A study by IDIBELL, IDIBGI and the University of Barcelona describes that a group of microRNAs would prevent the expansion of fat tissue characteristic of obesity. The results of the study, published in the journal Advanced Science, show that a reduction in the expression of the group of microRNAs in fat tissue causes an increase in the number of cells that store fat and their hypertrophic growth. This work has been funded by the 24th edition of La Marató de TV3 and Catalunya Ràdio of 2015.
Researchers from the Bellvitge Biomedical Research Institute (IDIBELL), the Institute for Biomedical Research of Girona (IDIBGI) and the University of Barcelona (UB) have discovered a new mechanism involved in the development of obesity. The work describes that the reduction of the expression of a group of microRNAs, small molecules that regulate the expression of specific genes, causes an increase in the expression of the gamma synuclein gene (SNCG) that ultimately promotes the ' expansion of fat deposits.
The work published in the journal Advanced Science shows that mice that do not express the group of microRNAs show a large expansion of fat tissue, as demonstrated by MRI studies and careful phenotypic characterization in male and female mice. As for humans, the authors indicate that those with obesity have a lower expression of microRNAs, a decrease that is reversed when the same individuals lose weight.
"This reversion in microRNA expression when weight is lost indicates that this is a dynamic and reversible pathway, and that we could therefore learn in the future to modulate it as a new treatment for obesity," says Dr. Ruth Rodríguez-Barrueco, principal investigator at IDIBELL and the University of Barcelona and first author of the study.
Expanding our understanding of the role of adipocytes in obesity
Adipocytes are highly specialized cells that store energy in the form of lipid droplets. People with obesity have an increased number of adipocytes in their fat stores, a characteristic that is defined before they reach adulthood. Poor management of these fat stores and the renewal and lifespan of these cells can lead to weight gain and the complications typically associated with obesity. In this sense, the increase in fat tissue observed during the course of this research is due to both an increase in the number and enlargement of adipocytes that are an integral part of the fat stores. The study led by IDIBGI and IDIBELL deepens our knowledge in this field and demonstrates that this group of microRNAs, called miR-424(322)/503, functions as a control system for the disproportionate accumulation of body fat.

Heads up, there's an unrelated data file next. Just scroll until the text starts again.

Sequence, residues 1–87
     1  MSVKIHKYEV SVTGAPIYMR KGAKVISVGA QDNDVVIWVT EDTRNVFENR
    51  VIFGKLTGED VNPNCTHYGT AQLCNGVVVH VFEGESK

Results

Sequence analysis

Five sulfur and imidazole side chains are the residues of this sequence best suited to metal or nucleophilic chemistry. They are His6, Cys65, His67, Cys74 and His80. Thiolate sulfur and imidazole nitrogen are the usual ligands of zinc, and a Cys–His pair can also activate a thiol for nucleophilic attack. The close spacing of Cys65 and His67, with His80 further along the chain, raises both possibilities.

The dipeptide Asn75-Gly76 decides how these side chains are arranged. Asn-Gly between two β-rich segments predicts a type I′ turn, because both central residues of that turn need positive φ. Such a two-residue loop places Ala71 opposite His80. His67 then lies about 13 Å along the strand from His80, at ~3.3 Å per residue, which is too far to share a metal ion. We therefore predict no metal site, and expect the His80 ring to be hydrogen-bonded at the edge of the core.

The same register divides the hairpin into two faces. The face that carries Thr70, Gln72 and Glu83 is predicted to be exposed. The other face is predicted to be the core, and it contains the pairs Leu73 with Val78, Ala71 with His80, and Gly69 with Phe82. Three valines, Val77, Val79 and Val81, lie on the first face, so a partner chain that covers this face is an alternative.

"This study, the result of serendipity, represents a decisive step towards the characterization of these microRNAs and all that they can offer as diagnostic criteria and therapeutic targets; with all the science of the test tube, but without losing sight of the clinical reality of the obese patient," says Dr. Francisco José Ortega, principal investigator of IDIBGI and CIBER of the physiology Physiopathology of Obesity and Nutrition (CIBEROBN).
Tumor suppressor microRNAs that have also been shown to suppress obesity
Until now, Dr. Ruth Rodríguez-Barrueco and Dr. David Llobet-Navas, principal investigator at IDIBELL and the Oncology Network Research Center (CIBERONC), had focused their studies of the miR-424(322)/503 group on the ability to inhibit tumor growth in breast cancer.
"In this study we have not only seen that the group of microRNAs we were working with until now regulated the expression of a known oncogene such as SNCG, but we have also discovered its relationship with obesity. This coincidence clearly points to a potential connection between obesity and breast cancer incidence", indicates Dr. David Llobet-Navas, corresponding author of the study.
This work funded by the Fundació de la Marató de TV3 in 2016 has been the result of a close collaboration between two research centers: IDIBELL and IDIBGI, led by Dr. Francisco José Ortega, principal investigator of IDIBGI, which is the institute that has coordinated this project. In addition, this is a study in which two core programs of the Center for Biomedical Research Network (CIBER) join forces to achieve a common milestone: CIBERONCO and CIBEROBN.
You can find the project video and the article published at Advanced Science.